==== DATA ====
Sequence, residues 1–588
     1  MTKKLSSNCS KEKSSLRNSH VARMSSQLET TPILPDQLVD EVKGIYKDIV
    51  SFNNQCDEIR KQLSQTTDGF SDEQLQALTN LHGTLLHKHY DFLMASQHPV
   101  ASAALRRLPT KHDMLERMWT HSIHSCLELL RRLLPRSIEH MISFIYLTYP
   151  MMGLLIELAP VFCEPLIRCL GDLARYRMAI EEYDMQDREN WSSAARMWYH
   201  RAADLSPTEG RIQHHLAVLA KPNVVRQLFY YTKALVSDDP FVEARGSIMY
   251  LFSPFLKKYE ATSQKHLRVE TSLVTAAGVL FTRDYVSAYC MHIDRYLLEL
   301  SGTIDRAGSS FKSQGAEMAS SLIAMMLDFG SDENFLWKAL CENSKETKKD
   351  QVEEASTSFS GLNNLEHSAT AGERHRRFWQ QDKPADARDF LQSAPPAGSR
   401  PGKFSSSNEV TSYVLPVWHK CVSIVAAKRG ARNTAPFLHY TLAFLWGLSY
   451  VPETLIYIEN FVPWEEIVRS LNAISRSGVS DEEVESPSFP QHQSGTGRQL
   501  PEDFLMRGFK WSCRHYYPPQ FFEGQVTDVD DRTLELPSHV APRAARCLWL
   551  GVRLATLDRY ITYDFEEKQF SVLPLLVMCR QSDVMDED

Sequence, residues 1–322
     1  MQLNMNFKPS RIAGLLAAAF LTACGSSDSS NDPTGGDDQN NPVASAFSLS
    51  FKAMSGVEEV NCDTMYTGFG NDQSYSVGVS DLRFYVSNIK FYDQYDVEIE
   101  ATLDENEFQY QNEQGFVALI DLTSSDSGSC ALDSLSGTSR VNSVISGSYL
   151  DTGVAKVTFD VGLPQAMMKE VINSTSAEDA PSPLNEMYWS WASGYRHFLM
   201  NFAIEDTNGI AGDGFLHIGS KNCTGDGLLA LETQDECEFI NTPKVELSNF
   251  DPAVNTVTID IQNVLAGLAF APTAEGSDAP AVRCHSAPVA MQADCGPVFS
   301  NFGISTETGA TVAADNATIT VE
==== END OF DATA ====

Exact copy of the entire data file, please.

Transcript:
Sequence, residues 1–588
     1  MTKKLSSNCS KEKSSLRNSH VARMSSQLET TPILPDQLVD EVKGIYKDIV
    51  SFNNQCDEIR KQLSQTTDGF SDEQLQALTN LHGTLLHKHY DFLMASQHPV
   101  ASAALRRLPT KHDMLERMWT HSIHSCLELL RRLLPRSIEH MISFIYLTYP
   151  MMGLLIELAP VFCEPLIRCL GDLARYRMAI EEYDMQDREN WSSAARMWYH
   201  RAADLSPTEG RIQHHLAVLA KPNVVRQLFY YTKALVSDDP FVEARGSIMY
   251  LFSPFLKKYE ATSQKHLRVE TSLVTAAGVL FTRDYVSAYC MHIDRYLLEL
   301  SGTIDRAGSS FKSQGAEMAS SLIAMMLDFG SDENFLWKAL CENSKETKKD
   351  QVEEASTSFS GLNNLEHSAT AGERHRRFWQ QDKPADARDF LQSAPPAGSR
   401  PGKFSSSNEV TSYVLPVWHK CVSIVAAKRG ARNTAPFLHY TLAFLWGLSY
   451  VPETLIYIEN FVPWEEIVRS LNAISRSGVS DEEVESPSFP QHQSGTGRQL
   501  PEDFLMRGFK WSCRHYYPPQ FFEGQVTDVD DRTLELPSHV APRAARCLWL
   551  GVRLATLDRY ITYDFEEKQF SVLPLLVMCR QSDVMDED

Sequence, residues 1–322
     1  MQLNMNFKPS RIAGLLAAAF LTACGSSDSS NDPTGGDDQN NPVASAFSLS
    51  FKAMSGVEEV NCDTMYTGFG NDQSYSVGVS DLRFYVSNIK FYDQYDVEIE
   101  ATLDENEFQY QNEQGFVALI DLTSSDSGSC ALDSLSGTSR VNSVISGSYL
   151  DTGVAKVTFD VGLPQAMMKE VINSTSAEDA PSPLNEMYWS WASGYRHFLM
   201  NFAIEDTNGI AGDGFLHIGS KNCTGDGLLA LETQDECEFI NTPKVELSNF
   251  DPAVNTVTID IQNVLAGLAF APTAEGSDAP AVRCHSAPVA MQADCGPVFS
   301  NFGISTETGA TVAADNATIT VE